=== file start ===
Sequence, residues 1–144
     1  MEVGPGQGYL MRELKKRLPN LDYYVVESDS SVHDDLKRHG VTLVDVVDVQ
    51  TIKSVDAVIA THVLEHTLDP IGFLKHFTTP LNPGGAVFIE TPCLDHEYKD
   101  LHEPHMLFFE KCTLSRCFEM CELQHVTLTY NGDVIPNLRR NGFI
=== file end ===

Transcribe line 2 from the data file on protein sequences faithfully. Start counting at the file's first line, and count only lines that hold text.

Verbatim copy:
     1  MEVGPGQGYL MRELKKRLPN LDYYVVESDS SVHDDLKRHG VTLVDVVDVQ